Knowing what’s best for everyone else is a quality that the arrogant left, especially the radical environmentalists in their number, possess in abundance. They want to order the lives of others based on their often peculiar world views and biases. However, they should know, at least in the case of another attempt at forcing a charter government on Skagit County, they will be met with stronger resistance next time. Bet on it.

Growing our movement

By Glen Morgan, Executive Director

This election season in Washington State was not friendly to our freedoms, and many of the new legislators in Olympia are hostile to our property rights. They view our property as something they can take through increased taxes and regulations. While they don’t look at their own property this way, there is little expectation that reason and a concern for our freedoms will be high on their priority list.

Unfortunately, one challenge we must overcome is the fact that so many organizations, bureaucrats, and individuals who are opposed to property rights also profit, at least in the short term, from the demise of our freedoms. Whether it is just increasing taxes to reward a constituency or shifting government grants to favored political allies, or even just attempting to feed the insatiable appetite of a growing bureaucracy, every action taken by our elected officials has a cumulative costs to our current freedoms, and our future prosperity.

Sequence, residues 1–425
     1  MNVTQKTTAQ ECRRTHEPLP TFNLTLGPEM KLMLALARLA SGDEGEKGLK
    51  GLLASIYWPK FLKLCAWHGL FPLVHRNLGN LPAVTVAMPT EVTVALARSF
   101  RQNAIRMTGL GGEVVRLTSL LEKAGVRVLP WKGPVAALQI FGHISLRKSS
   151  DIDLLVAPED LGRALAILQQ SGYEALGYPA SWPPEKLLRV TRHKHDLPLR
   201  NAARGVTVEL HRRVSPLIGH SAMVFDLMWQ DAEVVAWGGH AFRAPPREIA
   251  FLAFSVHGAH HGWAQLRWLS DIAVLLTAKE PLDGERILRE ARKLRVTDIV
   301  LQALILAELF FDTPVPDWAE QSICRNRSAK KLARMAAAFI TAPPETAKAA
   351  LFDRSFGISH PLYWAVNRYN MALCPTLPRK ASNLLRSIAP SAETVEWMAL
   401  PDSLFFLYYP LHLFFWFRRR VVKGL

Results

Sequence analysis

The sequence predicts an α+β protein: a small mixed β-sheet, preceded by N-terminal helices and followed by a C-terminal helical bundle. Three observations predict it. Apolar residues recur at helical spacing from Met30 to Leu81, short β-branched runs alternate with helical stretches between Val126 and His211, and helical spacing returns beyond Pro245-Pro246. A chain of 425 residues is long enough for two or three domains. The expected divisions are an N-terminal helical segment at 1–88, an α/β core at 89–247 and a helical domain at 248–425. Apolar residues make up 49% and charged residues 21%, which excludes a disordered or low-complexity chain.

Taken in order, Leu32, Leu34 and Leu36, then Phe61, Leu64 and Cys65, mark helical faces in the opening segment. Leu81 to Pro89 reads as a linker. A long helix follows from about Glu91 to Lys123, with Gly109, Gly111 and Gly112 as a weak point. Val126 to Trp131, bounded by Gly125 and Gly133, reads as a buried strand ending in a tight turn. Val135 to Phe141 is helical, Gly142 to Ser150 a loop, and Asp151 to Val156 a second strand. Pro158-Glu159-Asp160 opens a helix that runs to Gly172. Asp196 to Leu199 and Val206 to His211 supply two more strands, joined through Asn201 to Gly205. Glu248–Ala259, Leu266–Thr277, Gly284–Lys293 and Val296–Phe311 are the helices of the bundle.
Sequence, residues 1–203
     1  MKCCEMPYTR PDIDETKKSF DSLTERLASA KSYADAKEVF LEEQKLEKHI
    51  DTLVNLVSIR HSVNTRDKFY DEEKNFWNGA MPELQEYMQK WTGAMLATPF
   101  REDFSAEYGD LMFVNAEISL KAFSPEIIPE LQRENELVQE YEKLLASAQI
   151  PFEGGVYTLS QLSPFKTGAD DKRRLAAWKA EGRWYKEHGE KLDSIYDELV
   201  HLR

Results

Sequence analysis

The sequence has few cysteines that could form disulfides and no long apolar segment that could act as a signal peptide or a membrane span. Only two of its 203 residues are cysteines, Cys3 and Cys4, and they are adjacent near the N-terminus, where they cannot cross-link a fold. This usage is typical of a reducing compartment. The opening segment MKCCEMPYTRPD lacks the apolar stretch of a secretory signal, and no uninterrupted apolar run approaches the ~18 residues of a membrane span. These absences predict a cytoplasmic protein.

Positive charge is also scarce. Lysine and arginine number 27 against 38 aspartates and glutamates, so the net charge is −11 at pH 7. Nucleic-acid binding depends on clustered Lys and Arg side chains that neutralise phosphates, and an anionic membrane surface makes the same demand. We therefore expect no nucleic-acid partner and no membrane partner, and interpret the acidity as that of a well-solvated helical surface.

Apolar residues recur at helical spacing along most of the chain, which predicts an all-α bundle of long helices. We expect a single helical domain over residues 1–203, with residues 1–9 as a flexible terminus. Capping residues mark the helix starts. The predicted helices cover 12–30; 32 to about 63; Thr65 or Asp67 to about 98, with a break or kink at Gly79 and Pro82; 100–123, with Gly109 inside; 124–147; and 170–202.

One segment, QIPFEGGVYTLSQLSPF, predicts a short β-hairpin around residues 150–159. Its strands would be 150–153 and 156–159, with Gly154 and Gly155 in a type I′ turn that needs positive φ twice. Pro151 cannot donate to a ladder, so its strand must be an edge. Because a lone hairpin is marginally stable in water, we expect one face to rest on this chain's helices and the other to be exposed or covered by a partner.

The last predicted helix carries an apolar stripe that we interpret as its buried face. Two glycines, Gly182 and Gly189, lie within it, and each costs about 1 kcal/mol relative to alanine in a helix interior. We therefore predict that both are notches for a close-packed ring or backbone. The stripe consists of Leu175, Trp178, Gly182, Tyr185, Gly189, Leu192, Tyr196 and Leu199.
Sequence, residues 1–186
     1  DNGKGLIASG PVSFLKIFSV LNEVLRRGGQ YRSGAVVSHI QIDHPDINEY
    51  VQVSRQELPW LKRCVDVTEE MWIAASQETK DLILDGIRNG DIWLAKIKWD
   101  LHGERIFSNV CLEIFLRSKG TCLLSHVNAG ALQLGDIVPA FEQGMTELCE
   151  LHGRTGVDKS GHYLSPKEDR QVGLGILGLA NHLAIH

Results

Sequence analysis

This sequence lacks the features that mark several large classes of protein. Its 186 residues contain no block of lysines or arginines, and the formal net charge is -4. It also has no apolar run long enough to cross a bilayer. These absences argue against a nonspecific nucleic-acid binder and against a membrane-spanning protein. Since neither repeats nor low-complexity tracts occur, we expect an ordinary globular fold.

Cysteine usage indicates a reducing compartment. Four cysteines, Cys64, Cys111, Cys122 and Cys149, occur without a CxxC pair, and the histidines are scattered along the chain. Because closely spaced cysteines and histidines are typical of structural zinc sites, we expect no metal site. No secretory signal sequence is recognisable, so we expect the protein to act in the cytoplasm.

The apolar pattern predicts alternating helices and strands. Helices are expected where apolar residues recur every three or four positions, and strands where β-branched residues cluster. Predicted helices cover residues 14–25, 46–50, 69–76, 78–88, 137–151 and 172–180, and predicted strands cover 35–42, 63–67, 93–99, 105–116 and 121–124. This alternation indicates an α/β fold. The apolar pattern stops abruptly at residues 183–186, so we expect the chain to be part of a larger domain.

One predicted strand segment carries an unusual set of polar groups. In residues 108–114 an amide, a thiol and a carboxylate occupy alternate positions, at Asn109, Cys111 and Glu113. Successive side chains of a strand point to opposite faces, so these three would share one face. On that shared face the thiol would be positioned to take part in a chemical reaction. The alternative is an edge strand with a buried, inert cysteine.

These policy decisions have a real world impact on us, our neighbors, and many people in our community who are probably oblivious to these issues.
I encourage you to think back to who you were or what you were doing when you first discovered the threat to your freedoms and property rights. While it may seem self-evident to you today, there was probably a time when you were living your life and unconcerned about these threats to your freedoms. However, something woke you up. Maybe it was a personal experience you had with your own property - interacting with government tends to grow our ranks. Perhaps it was observing a tale of government tyranny with your neighbor or a family member. It is possible you were just an astute observer of the gradual changes occurring in local government and your community and your civic awareness ensured you would care and get involved.

It is worth remembering why you care and what caused you to engage in this fight.
It is worth remembering because there are many around you - friends, family, co-workers and neighbors who also need to engage and while some may see the challenges for themselves, it doesn’t hurt to expose them to these challenges, and more importantly, to encourage them to engage in an effective effort to restore freedom, expose the truth, and restore our property rights.

Take the time to grow our movement. Encourage others to join with you so that they may help us and our effort to prevail. They need to know they are not alone in their concerns, and there are many of us who are willing to engage. Help them join Citizens' Alliance for Property Rights (CAPR) today. As we continue to grow our movement, successes will grow with us.









December 21, 2018